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McCain Visit Angers Some Iraqis

Iraqis in the capital said Tuesday that Sen. John McCain's account of a heavily guarded visit to a central market did not represent the current reality in Baghdad, with one calling it "propaganda."

Jaafar Moussa Thamir, a 42-year-old who sells electrical appliances at the Shorja market that the Republican congressmen visited on Sunday, said the delegation greeted some fellow vendors with Arabic phrases but he was not impressed.

"They were just making fun of us and paid this visit just for their own interests," he said. "Do they think that when they come and speak few Arabic words in a very bad manner it will make us love them? This country and its society have been destroyed because of them and I hope that they realized that during this visit."

Leading a congressional delegation to Baghdad's oldest market over the weekend, Sen. McCain praised the safety of the city since the American troop surge, reports Martin Seemungal for CBS News.

But according to someone who was actually with the delegation, that sense of security required a massive military operation: dozens of U.S soldiers, snipers, and helicopters hovering overhead.

The shopkeepers were back Monday, adds Seemungal, but they confirmed that Sen. McCain's delegation could never have come here without heavy security.

McCain, a Republican presidential hopeful who was a prisoner of war in Vietnam, said he was "cautiously optimistic" after riding with other members of a Republican congressional delegation from Baghdad's airport Sunday in armored vehicles under heavy guard to visit Shorja.

The market has been hit by bombings including a February attack that killed 137 people. The delegation said the trips were proof that security was improving in the capital.

McCain acknowledged a difficult task lies ahead in Iraq, but he insisted a U.S.-Iraqi security plan was working, citing a recent drop in execution-style sectarian killings, the establishment of security posts throughout the city and Sunni tribal efforts against al Qaeda in the western Anbar province.

"These and other indicators are reason for cautious, very cautious optimism about the effects of the new strategy," the Arizona senator said.

The congressmen, who wore body armor during their hour-long shopping excursion at the Shorja market, said they were touched by the resilience and warmth of the Iraqi people, some of whom would not take money for their souvenirs.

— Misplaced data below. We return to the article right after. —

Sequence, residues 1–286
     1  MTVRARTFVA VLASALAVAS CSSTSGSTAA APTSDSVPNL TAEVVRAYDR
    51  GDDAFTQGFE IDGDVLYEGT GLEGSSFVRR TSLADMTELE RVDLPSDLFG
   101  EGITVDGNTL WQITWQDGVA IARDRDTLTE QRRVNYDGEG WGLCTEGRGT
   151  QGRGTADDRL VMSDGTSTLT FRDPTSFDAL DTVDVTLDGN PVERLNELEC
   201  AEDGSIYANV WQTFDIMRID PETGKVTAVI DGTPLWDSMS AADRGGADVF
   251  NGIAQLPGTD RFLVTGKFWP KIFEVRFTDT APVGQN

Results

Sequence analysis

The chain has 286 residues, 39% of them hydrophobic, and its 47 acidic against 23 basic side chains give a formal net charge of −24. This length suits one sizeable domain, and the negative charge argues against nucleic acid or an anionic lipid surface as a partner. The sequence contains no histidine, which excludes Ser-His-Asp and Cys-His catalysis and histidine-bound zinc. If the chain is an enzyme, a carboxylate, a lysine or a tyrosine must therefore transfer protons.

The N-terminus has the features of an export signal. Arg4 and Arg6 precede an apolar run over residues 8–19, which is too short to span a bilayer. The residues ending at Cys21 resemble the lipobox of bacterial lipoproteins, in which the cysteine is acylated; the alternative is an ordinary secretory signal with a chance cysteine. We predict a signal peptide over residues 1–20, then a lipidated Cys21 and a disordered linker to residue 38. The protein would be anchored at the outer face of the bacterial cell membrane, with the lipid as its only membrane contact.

The delegation was accompanied by the top U.S. commander in Iraq, Gen. David Petraeus, and followed his lead in taking off their helmets as they bought souvenirs and drank tea.

"I didn't care about him, I even turned my eyes away," Thamir said. "We are being killed by the dozens every day because of them. What were they trying to tell us? They are just pretenders."

Karim Abdullah, a 37-year-old textile merchant, said the congressmen were kept under tight security and accompanied by dozens of U.S. troops.

"They were laughing and talking to people as if there was nothing going on in this country or at least they were pretending that they were tourists and were visiting the city's old market and buying souvenirs," he said. "To achieve this, they sealed off the area, put themselves in flak jackets and walked in the middle of tens of armed American soldiers."

But Abdullah applauded the congressmen for venturing out of the heavily guarded Green Zone, which houses the U.S. and British embassies as well as Iraqi government offices.

"Although these U.S. officials were using this visit for their propaganda to tell the Americans 'we are gaining progress here, don't worry,' it left a kind of good impression with some of us," he said. "They are at least better than Iraqi officials who never venture out their Green Zone to talk to normal people and see their problems. I hope that this visit will encourage Iraqi officials to leave their fortified houses inside the Green Zone."

McCain and fellow Republicans Sen. Lindsey Graham of South Carolina, Representative Mike Pence of Indiana and Rep. Rick Renzi of Arizona traveled Monday to Anbar province, a Sunni insurgent stronghold west of Baghdad that also is part of the security crackdown to which President Bush has committed some 30,000 extra troops.

The congressmen met with provincial police as well as Sheik Abdul Sattar al-Rishawi, who is leading a growing movement of Sunni tribesmen who have turned against al Qaeda-linked insurgents in Anbar, the military said in a statement issued Tuesday.

In other developments:

  • Citing improved security in the capital, the Iraqi government said Tuesday it was shortening the Baghdad curfew by two hours and would allow citizens to be on the streets until 10 p.m. Violence in the capital has declined since the latest U.S.-Iraqi joint security operation began on Feb. 14, though there have been spectacular attacks. But bloodshed has increased elsewhere in Iraq after insurgents and militiamen moved operations out of the capital in advance of the security crackdown.
  • A U.S. Marine was killed in combat in Iraq's volatile Anbar province, the military said on Tuesday. The Marine, assigned to Multi National Force-West, was killed Monday, the military statement said. It gave no further details and said the Marine's name was withheld until family was notified.
  • A senior Iraqi foreign ministry official said on Tuesday that the government was "intensively" seeking release of five Iranians detained by the U.S. military more than two months ago in northern Iraq. "We are intensively seeking the release of the five Iranians," the senior official said. "This will be a factor that will help in the release of the British sailors and marines'' held by Iran since March 25.
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